What is the "right action" to take with regard to responding to terrorist attacks? Should we seek justice through military action? Through judicial processes? Is military action and/or retaliation justified if it can prevent future innocents from being killed?

All violence is injustice. The fire of hatred and violence cannot be extinguished by adding more hatred and violence to the fire. The only antidote to violence is compassion. And what is compassion made of? It is made of understanding. When there is no understanding, how can we feel compassion, how can we begin to relieve the great suffering that is there? So understanding is the very real foundation upon which we build our compassion.

How do we gain the understanding and insight to guide us through such incredibly challenging moments that we are now face in America? To understand, we must find paths of communication so that we can listen to those who desperately are calling out for our understanding--because such an act of violence is a desperate call for attention and for help.

How can we listen in a calm and clear way so that we don't immediately kill the chance for understanding to develop? As a nation we need to look into this: how to create the situations for deep listening to occur so that our response to the situation may arise out of our calm and clear mind. Clarity is a great offering that we can make at this time.

There are people who want one thing only: revenge. In the Buddhist scriptures, the Buddha said that by using hatred to answer hatred, there will only be an escalation of hatred. But if we use compassion to embrace those who have harmed us, it will greatly diffuse the bomb in our hearts and in theirs.

So how can we bring about a drop of compassion that can put out the fire of hatred? You know, they do not sell compassion in the supermarket. If they sold compassion, we would only need to bring it home and we could solve the problem of hatred and violence in the world very easily. But compassion can only be produced in our own heart by our own practice.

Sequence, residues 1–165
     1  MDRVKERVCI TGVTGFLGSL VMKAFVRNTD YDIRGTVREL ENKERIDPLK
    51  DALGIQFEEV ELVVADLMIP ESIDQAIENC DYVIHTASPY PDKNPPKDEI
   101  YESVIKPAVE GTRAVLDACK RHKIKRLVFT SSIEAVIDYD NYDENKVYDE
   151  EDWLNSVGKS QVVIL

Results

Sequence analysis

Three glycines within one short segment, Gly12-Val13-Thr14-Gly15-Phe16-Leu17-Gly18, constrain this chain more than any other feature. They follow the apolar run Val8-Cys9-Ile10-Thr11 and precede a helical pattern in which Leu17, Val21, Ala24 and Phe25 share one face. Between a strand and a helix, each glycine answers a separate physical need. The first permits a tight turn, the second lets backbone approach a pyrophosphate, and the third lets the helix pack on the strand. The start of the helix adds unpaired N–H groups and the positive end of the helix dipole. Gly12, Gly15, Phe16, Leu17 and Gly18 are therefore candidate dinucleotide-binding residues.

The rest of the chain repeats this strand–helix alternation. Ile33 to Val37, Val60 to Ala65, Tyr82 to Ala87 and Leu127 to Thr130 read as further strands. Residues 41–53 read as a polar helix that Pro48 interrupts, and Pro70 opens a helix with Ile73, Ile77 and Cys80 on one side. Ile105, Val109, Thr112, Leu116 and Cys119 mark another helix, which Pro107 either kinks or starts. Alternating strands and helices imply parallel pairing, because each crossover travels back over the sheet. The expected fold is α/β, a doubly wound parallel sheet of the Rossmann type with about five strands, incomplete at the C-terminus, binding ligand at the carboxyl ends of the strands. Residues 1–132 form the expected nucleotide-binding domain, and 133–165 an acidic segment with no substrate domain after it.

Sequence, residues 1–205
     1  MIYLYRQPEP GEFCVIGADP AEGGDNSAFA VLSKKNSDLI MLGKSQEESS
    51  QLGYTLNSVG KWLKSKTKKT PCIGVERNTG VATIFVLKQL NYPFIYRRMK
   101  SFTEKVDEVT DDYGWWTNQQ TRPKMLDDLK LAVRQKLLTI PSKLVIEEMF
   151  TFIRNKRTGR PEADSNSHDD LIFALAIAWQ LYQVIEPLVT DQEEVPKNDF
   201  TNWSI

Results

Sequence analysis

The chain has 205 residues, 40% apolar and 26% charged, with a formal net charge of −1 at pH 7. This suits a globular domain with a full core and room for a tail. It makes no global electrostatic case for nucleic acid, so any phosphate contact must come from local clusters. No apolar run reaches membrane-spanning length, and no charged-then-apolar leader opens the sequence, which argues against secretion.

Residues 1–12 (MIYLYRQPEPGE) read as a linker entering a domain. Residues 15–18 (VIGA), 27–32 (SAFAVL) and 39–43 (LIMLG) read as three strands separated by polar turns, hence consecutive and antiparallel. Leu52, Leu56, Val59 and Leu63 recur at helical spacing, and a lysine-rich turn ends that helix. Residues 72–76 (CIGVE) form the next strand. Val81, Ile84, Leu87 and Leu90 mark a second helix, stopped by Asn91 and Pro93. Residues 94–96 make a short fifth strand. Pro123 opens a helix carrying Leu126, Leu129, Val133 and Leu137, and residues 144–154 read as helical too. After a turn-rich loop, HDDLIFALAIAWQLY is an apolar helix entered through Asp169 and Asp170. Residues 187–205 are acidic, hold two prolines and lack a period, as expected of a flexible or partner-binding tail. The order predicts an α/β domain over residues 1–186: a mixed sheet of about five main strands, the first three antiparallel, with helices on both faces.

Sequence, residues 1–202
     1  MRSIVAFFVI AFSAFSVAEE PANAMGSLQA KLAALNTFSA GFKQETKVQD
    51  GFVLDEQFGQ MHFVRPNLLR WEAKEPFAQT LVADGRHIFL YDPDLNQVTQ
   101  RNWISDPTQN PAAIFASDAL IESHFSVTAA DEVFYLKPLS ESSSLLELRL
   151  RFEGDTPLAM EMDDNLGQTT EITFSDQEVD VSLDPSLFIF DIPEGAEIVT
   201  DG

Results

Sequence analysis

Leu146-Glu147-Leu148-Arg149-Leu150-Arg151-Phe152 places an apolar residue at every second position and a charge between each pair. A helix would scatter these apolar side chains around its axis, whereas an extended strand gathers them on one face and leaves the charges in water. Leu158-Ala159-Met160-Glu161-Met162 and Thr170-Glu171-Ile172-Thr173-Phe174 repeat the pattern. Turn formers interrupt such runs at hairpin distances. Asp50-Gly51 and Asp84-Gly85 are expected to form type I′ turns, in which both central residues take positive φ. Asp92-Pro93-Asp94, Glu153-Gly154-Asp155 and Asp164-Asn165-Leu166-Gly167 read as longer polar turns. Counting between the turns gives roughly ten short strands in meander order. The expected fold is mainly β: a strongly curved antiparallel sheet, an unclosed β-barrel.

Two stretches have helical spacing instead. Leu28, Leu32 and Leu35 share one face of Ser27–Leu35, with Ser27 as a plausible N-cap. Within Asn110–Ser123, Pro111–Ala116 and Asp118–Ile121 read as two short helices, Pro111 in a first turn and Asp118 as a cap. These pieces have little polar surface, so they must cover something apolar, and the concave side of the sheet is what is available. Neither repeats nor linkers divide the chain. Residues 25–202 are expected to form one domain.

America is burning with hatred. That is why we have to tell our Christian friends, "You are children of Christ." You have to return to yourselves and look deeply and find out why this violence happened. Why is there so much hatred? What lies under all this violence? Why do they hate so much that they would sacrifice their own lives and bring about so much suffering to other people? Why would these young people, full of vitality and strength, have chosen to lose their lives, to commit such violence? That is what we have to understand.

We have to find a way to stop violence, of course. If need be, we have to put the men responsible in prison. But the important thing is to look deeply and ask, "Why did that happen? What responsibility do we have in that happening? " Maybe they misunderstood us. But what has made them misunderstand us so much to make them hate so much?

The method of the Buddha is to look deeply to see the source of suffering; the source of the violence. If we have violence within ourselves, any action can make that violence explode. This energy of hatred and violence can be very great and when we see that in the other person then we feel sorry for them. When we feel sorry for them, the drop of compassion is born in our hearts and we feel so much happier and so much more at peace in ourselves. That [empathy] produces the nectar of compassion within ourselves.